Marco Bomio recalls that bright Sunday morning in June 2006 as if it were yesterday. Bomio, 59, a school principal and mountain guide, attended a religious service on a high mountain meadow to mark the founding of a local guide group.
“Suddenly we saw this immense cloud,” he said over coffee in a wood chalet typical of the Alpine village of Grindelwald. “Normally, it might have been snow. But in June?”
“Then we saw that it wasn’t snow,” he went on. “It was rock dust: Part of the mountain had come down.”
Grindelwald, population 3,800, lies in the foothills of a wall of Alpine peaks, rising to more than 3,900m. It is also home to two of Switzerland’s largest glaciers, the Upper and Lower Grindelwald Glaciers, which for millennia have snaked their way through Alpine gorges toward the town.
With global warming, the glaciers are melting. Once stretching to the edge of town, they now end high in the mountains. Moreover, their greenish glacial water is forming lakes. In summer, when the melting accelerates, floodwaters threaten the area. However, the avalanche witnessed by Bomio shows that the shrinking of the glaciers removes a kind of buttress supporting parts of the mountains, menacing the region with rock slides.
Grindelwald stands as a stark example of what is happening these days to Switzerland’s glaciers, and there are more than a hundred, large and small.
As the Lower Grindelwald Glacier shrank, its ice no longer buttressed the east wall of the Eiger, a 3,970m mountain that is part of the ring south of Grindelwald. Moreover, the warming reduces the effect of permafrost that once acted as a kind of glue, binding together the mass of the mountains.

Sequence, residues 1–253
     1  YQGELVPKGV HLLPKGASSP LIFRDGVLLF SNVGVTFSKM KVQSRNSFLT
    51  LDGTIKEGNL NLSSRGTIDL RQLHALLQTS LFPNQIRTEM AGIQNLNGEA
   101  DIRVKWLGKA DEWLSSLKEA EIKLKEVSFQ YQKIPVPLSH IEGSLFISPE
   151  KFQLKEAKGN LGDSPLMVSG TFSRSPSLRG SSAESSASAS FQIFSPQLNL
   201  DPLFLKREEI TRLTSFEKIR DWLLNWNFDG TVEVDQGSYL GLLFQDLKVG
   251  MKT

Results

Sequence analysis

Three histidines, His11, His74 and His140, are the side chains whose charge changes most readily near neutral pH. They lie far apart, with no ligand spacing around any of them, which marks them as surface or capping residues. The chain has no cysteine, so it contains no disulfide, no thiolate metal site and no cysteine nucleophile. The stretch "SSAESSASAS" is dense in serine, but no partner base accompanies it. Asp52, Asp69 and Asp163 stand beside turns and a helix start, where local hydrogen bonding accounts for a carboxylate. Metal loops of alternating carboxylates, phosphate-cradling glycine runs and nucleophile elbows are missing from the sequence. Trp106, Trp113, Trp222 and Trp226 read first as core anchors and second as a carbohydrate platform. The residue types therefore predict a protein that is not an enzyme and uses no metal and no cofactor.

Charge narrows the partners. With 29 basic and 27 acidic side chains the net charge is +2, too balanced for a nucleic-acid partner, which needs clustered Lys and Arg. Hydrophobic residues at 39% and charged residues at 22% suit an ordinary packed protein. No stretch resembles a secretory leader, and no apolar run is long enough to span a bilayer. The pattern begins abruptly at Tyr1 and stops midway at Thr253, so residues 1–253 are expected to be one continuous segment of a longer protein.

On that day in 2006, a chunk of the Eiger amounting to about 688,099 m3 fell from the east face, causing the cloud of rock dust that startled Bomio and his friends.
Since 1997, Ruth Meier has run the Hotel Gletscherschlucht (the name means glacier gorge), with six rooms and 18 beds, at a point where water from the melting lower glacier runs out of a steep and narrow gorge. Well into the 20th century, the glacier extended clear through the gorge, which is about a kilometer long, and until about World War I, ice blocks were carved out of it for use in cooling in restaurants and kitchens as far afield as Paris. Where her hotel stands, a field kitchen once fed the workmen who hacked the ice.
Now a large lake of melted glacial water has formed above the gorge. To avoid potential flooding that would threaten the village below, Meier said, a US$15 million tunnel, almost 2km long, was completed in 2010 to channel excess water when the lake swells in the summer. Before that was done, she said, summer floodwaters regularly pushed gigantic ice blocks down the gorge.
“In July and August, it sounded like battle tanks coming down,” she said, sipping mineral water. “You could hear the stones rolling.”
Floodwaters forced their way through the narrowest parts of the gorge, about 10m across, “like water gushing from a garden hose,” she said.
Why build a hotel at such a delicate spot? “To be at the pulse,” Meier said. “We’re at the pulse of the eternal ice.”
Well, not so eternal any more. Over the past century or so, glaciers like those around Grindelwald have receded by about 425m, said Hans-Rudolf Keusen, a geologist whose company, Geotest, helped design the overflow tunnel.